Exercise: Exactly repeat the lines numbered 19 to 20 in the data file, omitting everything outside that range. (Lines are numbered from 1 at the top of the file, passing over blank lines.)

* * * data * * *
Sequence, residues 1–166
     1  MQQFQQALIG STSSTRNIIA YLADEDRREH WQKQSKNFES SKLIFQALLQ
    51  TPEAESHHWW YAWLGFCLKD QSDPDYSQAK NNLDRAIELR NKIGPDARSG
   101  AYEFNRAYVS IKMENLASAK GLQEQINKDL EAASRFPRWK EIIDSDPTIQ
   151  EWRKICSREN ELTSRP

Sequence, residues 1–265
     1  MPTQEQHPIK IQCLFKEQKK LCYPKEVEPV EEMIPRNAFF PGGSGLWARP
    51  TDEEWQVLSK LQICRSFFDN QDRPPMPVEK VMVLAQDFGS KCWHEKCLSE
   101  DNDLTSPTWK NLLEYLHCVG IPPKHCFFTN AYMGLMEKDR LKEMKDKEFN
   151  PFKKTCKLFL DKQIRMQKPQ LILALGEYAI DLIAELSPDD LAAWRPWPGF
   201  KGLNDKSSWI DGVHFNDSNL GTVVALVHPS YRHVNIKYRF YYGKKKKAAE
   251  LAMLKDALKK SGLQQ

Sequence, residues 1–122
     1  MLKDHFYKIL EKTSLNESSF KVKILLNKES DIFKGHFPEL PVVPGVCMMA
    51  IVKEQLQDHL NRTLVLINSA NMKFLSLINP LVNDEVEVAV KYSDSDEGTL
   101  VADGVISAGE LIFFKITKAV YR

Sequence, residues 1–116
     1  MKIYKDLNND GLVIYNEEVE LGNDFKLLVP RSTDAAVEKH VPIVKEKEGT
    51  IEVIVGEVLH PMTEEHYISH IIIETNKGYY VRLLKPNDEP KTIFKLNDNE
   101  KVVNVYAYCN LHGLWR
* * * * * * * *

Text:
    51  IEVIVGEVLH PMTEEHYISH IIIETNKGYY VRLLKPNDEP KTIFKLNDNE
   101  KVVNVYAYCN LHGLWR